Yesterday, All Saints Sunday, we walked into the crowded sanctuary at Bethany Lutheran Church in Waynesboro, Virginia. The screen above the pulpit displayed a slideshow of names: church members from the past 200 years who had gone before us: infants, some with only that name, children, husbands and wives, mothers and fathers, those who had died in wars. Many are buried on the grounds of the original Bethany-Lutheran Church in Crimora.
Keith and I made our way to the pew on the left, third from the front. Colorful children’s quilts crafted by the women of the church, including me, were draped over the backs and seats of the pews. Our pastor Tim Bohlmann would dedicate the quilts before their shipment to a mission in Peru.
“Welcome, my friends,” Pastor Tim said to gather us, “and a special welcome to those who are new to us today.” He shook the hand of a young man (I’ll call Robert) sitting in the front pew. His backpack rested on the floor next to him. “Robert here is an AT hiker from New Hampshire headed to Florida, did I get that right?” Pastor said. Robert nodded as they shook hands. Waynesboro is the nearest town to the Appalachian Trail’s stop at Rockfish Gap in Afton, so hikers are common sights along the road into town – but perhaps not in church.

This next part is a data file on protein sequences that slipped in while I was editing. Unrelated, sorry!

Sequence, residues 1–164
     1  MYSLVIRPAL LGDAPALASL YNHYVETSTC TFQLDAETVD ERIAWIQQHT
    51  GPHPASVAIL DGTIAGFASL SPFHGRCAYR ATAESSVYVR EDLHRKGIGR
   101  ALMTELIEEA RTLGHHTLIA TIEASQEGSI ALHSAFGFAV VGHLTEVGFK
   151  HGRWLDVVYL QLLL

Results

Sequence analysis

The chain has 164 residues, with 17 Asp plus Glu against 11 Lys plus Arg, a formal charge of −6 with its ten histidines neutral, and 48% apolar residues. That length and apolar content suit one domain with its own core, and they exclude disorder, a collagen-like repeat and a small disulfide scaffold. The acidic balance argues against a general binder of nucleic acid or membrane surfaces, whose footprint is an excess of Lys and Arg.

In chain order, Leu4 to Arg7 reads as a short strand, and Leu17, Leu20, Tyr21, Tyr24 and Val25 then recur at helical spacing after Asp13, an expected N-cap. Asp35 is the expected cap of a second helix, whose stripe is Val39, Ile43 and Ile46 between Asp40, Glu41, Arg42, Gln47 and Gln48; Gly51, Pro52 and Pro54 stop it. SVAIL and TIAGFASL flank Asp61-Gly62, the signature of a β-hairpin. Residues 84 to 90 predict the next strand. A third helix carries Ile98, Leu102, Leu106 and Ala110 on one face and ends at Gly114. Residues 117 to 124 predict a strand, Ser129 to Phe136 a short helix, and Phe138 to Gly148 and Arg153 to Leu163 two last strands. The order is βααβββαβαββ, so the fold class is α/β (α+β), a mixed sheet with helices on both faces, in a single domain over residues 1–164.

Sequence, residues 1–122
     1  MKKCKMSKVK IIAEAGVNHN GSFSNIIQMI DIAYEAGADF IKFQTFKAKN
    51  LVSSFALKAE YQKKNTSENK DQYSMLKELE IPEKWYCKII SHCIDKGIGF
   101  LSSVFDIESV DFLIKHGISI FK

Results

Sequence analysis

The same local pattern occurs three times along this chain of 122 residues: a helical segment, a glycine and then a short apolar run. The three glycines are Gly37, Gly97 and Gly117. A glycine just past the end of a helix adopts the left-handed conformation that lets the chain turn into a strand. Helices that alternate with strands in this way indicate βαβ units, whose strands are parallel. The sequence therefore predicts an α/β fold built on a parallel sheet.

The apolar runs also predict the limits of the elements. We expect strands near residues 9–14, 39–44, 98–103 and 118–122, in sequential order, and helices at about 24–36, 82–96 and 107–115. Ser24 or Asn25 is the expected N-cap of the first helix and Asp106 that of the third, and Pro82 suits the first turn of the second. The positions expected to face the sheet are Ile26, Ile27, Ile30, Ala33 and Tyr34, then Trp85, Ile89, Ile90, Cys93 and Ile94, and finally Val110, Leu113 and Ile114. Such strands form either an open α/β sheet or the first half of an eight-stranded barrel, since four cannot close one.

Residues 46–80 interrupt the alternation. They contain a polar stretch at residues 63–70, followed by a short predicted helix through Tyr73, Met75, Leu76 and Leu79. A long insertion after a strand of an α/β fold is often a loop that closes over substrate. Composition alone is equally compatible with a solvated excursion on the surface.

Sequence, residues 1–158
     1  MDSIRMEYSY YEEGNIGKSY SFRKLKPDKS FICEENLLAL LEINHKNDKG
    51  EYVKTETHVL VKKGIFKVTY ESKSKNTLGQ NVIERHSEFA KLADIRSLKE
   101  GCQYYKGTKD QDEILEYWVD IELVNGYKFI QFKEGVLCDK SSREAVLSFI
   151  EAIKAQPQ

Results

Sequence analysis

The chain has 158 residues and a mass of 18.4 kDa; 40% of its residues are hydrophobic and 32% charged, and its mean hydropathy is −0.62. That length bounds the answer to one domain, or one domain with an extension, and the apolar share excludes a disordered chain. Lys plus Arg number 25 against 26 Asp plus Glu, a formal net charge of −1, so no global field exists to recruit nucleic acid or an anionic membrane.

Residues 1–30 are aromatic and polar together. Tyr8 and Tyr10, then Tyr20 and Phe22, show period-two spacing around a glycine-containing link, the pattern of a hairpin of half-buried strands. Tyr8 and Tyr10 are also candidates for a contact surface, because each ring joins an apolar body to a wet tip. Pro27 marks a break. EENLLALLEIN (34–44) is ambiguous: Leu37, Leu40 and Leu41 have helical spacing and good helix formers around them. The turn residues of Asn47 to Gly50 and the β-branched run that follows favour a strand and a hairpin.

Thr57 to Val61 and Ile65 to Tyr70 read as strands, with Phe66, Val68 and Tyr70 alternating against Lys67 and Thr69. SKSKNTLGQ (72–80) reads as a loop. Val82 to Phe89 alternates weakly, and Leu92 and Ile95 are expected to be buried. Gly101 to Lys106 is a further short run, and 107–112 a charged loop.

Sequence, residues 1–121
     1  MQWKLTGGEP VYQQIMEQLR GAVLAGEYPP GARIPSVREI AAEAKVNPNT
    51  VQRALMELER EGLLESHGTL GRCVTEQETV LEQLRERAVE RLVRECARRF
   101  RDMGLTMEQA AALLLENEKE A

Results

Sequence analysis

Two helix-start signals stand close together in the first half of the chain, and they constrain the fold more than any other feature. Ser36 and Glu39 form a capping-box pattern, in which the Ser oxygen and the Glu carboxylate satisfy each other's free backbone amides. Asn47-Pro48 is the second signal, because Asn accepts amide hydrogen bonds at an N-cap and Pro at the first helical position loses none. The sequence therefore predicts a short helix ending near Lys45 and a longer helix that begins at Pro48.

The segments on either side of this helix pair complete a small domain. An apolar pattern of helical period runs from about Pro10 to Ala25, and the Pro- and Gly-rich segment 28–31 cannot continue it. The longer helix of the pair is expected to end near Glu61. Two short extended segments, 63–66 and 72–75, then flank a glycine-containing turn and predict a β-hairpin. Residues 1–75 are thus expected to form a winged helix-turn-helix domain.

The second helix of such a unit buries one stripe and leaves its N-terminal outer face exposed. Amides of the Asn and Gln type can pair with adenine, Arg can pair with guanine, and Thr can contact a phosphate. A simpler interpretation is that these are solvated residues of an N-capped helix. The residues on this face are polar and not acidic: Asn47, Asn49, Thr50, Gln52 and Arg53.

After the first hymn and prayer, we greeted and wished each other God’s peace. Robert joined the throng – Keith and I were two pews behind him. As the AT hiker’s ruddy face approached, the smell of many campfires stung my nostrils. We shook hands firmly and smiled our greetings then returned to our seats.
Next in the order of worship was an infant baptism. The baby boy with peach-fuzz hair slept through the first part but startled awake when his mother and father positioned him for baptism. He didn’t cry. Actually, he seemed to enjoy the whole process. As Pastor Tim carried the newly baptized child down the aisle, I noticed the AT hiker turned so his eyes could follow. He seemed to enjoy the ceremony, too.
The Old Testament reading was Exodus 40, followed by the Holy Gospel from Matthew 5:1-12 – the Sermon on the Mount. As the congregation rose before the New Testament reading, I looked up and saw the message on the back of Robert’s hiking sweatshirt.
In memory of my son, Dad and 2 little brothers.
Then I knew why Robert had stepped off the trail and come to join us for All Saints Sunday.
“Blessed are those who mourn, for they will be comforted,” Pastor read.
Today is my father’s 92nd birthday. Though he’s been gone almost twenty years, I thought about him yesterday. And we remembered Keith’s daughter, too, and those who have gone before us.
And we, like Robert, were comforted.